[CT Birds] Mississippi Kites - recent Simsbury sightings?

jaybrd49 at aol.com jaybrd49 at aol.com
Sun Jun 3 20:48:08 EDT 2012


 Hi Brenda!

Actually, the Simsbury Mississippi Kite nest failed in early June 2010 when the egg blew out of the nest in a strong windstorm on or about June 3rd.  The nest was subsequently taken over by gray squirrels.

In 2011, there were sporadic reports of Mississippi Kite at Great Pond, however, only a single bird was seen. To my knowledge, no one ever saw more than one bird.  

I think it would be a stretch to think that the New York birds are the same pair that nested in Simsbury, although I suppose anything is possible.  My own guess is that one of the pair did arrive in Simsbury last year, but perhaps something happened to the mate.  Other birders think there was a nest last year, but it was never located. I think if the birds nested in 2011, at some point the pair would have been seen.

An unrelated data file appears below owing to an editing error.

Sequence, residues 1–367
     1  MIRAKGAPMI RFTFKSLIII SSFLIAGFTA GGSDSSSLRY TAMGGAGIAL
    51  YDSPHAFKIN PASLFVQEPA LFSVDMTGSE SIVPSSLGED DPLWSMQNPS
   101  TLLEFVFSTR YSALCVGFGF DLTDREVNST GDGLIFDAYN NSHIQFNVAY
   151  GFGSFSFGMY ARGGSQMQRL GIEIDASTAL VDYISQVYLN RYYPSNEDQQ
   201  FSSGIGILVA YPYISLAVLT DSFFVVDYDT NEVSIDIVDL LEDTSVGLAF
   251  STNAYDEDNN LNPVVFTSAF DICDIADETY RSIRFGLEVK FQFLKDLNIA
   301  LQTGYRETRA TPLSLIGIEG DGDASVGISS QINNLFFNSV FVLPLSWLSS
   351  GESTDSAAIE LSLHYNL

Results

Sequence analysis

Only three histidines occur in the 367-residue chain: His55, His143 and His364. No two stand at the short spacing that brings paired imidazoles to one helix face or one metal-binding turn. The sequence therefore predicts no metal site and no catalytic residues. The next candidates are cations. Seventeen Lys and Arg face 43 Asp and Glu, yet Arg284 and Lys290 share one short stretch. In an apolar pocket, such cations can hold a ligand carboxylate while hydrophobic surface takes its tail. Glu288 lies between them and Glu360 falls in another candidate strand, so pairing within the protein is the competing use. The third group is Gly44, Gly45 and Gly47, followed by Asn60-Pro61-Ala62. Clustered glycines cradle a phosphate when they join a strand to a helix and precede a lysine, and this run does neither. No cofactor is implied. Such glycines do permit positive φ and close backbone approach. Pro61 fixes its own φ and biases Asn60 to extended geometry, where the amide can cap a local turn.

In 2012, a single observer has reported a kite at Great Pond on one occasion.

Good Birding,

Jay Kaplan
Canton

 

-----Original Message-----
From: Brenda Inskeep <binskeep at optonline.net>
To: CT BIRD LIST <ctbirds at lists.ctbirding.org>
Sent: Sun, Jun 3, 2012 7:06 pm
Subject: [CT Birds] Mississippi Kites - recent Simsbury sightings?


Greetings to all,

Today while out driving around I stopped to see the pair of Mississippi Kites at 
Sterling Forest Visitors Center in Sterling Forest State Park, NY.  It was just 
a thought that this pair (observed mating today) could be the same two that 
nested at Great Pond in Simsbury, CT in previous years.  I'm wondering if anyone 
has seen the two at Great Pond this season.  I was informed that their nest had 
been destroyed, I believe, during Hurricane Irene.  Sure, it's just 
suppositional as there have been many Mississippi Kite sightings in the 
northeast this past month, but it's interesting that the Sterling Pair are not 
that far from Simsbury.  Have the CT birds returned?

If anyone is contemplating a visit to Sterling, the birds are easily viewed from 
a distance right from the visitor parking lot without hardly leaving the car!  
It is concerning that too many people might be a disturbance.  I've heard that 
the area may eventually be restricted somehow.  In the meantime, it's crucial to 
observe responsible and respectful birding and photography.  Today there were 
folks right under the snags where the birds were perched and mating, both 
birders and photographers.  It's not necessary to be that close; it was clear 
that the birds took notice.

Brenda Inskeep - Stamford

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